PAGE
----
Book indexing is actually a rather complex, intellectual process. On the other hand, there is no mystery involved, and the task can be learned and mastered. It needs a well-developed sense of order and punctiliousness; a good memory (especially during the compilation stage); a great deal of patience; and above-average general knowledge of the world, and often highly specialized knowledge of a particular field or discipline.

Book indexing needs a certain flair for the task of analyzing the text; for recognizing the major topics (both stated and implied); for identifying relationships of topics; for arranging terms so that they can be easily found; and for indicating the exact place in a document.

Book indexing can only be learned the hard way, by example, training, and experience. Nevertheless, there are basic guidelines, and relevant provisions of national and international standards that need to be followed. (Source: Hans H, Wellisch, Indexing from A to Z, p. 175-176)

Book indexers constantly must make value judgments as they work through the text, deciding what to include and what to leave out of the index. That is what makes book indexing an intellectual challenge as well as an art.

Book indexing is an organic process with the book indexer addressing large and small structural problems; wording and confusions in the text, and issues of indexibility, all at the same time.

Book indexers constantly make value judgments as they work through the text, deciding what to include and what to leave out of the index.

The book indexer needs to assess the “degree of exhaustivity” while book indexing. “Over-indexing” or “under-indexing” are twin mistakes. Over-indexing lists too many names, topics that are trivial and have little value for the reader. Under-indexing is the omission of indexible terms which shortchanges and annoys readers.

That is what makes book indexing an intellectual challenge as well as an art – something that computers simply can not do.

Nancy Mulvany maintains that “book indexing is something that you will either enjoy or detest; and there is little middle ground. “You either have a knack for it, or you won’t.” “I don’t not believe indexing can be taught…since a very important aspect of this work comes down to the individual indexer’s judgment and communication abilities… Like other types of writing, it is a mixture of art and craft, judgment and selection.” (Source: Nancy Mulvany, Indexing Books.)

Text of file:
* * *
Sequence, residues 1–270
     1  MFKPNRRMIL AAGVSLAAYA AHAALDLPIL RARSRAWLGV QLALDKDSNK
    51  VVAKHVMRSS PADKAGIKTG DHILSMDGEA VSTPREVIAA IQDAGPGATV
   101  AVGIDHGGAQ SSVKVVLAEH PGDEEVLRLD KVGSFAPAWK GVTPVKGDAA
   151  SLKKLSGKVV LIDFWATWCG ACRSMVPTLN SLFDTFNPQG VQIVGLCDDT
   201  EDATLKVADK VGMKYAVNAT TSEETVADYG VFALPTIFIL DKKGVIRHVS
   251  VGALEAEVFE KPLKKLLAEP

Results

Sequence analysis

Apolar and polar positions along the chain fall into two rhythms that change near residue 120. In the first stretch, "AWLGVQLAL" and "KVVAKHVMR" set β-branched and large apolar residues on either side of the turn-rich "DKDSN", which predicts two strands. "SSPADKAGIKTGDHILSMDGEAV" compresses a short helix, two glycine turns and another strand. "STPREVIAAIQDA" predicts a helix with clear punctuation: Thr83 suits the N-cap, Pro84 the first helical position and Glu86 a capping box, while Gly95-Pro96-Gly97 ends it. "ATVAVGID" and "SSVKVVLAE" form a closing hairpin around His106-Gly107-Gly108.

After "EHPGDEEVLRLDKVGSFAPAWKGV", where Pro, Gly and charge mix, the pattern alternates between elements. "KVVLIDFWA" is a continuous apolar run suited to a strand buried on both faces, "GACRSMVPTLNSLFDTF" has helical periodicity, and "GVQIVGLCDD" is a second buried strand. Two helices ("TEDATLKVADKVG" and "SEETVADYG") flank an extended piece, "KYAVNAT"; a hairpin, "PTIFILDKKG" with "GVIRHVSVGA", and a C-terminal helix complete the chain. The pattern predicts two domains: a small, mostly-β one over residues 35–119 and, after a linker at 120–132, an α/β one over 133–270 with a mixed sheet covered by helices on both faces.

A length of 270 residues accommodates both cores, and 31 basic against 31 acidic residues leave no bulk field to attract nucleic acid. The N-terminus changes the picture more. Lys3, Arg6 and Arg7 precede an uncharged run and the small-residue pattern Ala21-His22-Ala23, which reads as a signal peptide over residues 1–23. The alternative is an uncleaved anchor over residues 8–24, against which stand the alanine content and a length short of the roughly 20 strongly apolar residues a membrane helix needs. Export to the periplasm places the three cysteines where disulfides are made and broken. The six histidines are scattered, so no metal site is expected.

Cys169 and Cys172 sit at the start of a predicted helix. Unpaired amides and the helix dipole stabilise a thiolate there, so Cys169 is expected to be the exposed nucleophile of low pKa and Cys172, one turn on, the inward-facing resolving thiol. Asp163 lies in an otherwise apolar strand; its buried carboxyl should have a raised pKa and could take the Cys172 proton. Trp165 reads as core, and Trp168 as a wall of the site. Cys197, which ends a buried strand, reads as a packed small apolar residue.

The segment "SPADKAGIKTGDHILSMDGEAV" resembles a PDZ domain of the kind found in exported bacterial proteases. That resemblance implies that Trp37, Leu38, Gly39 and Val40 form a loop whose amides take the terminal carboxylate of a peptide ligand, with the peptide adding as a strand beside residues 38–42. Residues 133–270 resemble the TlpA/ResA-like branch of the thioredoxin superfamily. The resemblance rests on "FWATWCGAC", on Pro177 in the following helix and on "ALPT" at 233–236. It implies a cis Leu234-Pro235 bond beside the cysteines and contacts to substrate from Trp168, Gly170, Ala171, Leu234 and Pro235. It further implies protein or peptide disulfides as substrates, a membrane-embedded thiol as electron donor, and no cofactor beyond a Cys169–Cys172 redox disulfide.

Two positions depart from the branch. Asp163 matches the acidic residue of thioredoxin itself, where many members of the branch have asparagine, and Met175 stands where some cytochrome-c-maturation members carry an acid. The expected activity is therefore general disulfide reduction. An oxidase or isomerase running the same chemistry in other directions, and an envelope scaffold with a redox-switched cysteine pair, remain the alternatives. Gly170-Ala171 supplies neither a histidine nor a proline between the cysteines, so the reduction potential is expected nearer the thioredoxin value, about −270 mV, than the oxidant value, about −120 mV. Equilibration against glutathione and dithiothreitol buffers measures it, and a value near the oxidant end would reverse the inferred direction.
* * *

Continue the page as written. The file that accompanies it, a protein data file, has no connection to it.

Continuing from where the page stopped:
Book Indexing Workshops and Training

Indexing Software Used by Book Indexers

Back-of-the-book indexers use stand-alone indexing software to quickly and economically create indexes. These indexing-specific software programs have a wealth of features, take time to learn, and are quite expensive. They can’t be used for anything else except for indexing.

The major stand-alone indexing software programs are:

Indexing Journals, Publications, and Books

Indexing Discussion Groups

 CINDEX Users Group

The CINDEX User Group on Yahoo! is a forum for discussing Cindex, the professional indexing software program from Indexing Research. The list encourages exchange of tips, tricks, and techniques among Cindex users in its DOS, Windows, and Apple Macintosh formats.


SKY Index Users Group


 Special Interest Groups (SIGs)

American Society for Indexing has numerous  indexing interest groups: Culinary Indexing SIG; Gardening and Environmental Studies Group; Genealogy Indexing and Transcription Group; History and Archaeology Group; Legal Group; Periodical/Database Indexing Group; Politics and International Relations Group; Scholarly Indexing Group; Science and Medicine Group; Sports-Fitnesss Group; Taxonomies & Controlled Vocabularies Group; and Web Indexing Group.



A forum for aspiring and professional indexers to share information and ideas relating to various aspects of index preparation. Discussion covers index structure for books, periodicals, online text, databases, or hypermedia.



Indexstudents is for anyone interested in learning to index books, magazines, databases. Membership is open to both beginning and experienced indexers, and course instructors/teachers.

WebIndexing Group

A forum for professional indexers who specialize in writing indexes for web sites. Indexers interested in learning about web indexing, and web site creators/editors interested in indexing are also welcome to join this group.

 LinkedIn Indexing Groups

 Facebook Indexing Groups

Book Indexing Groups, eBooks and EPUB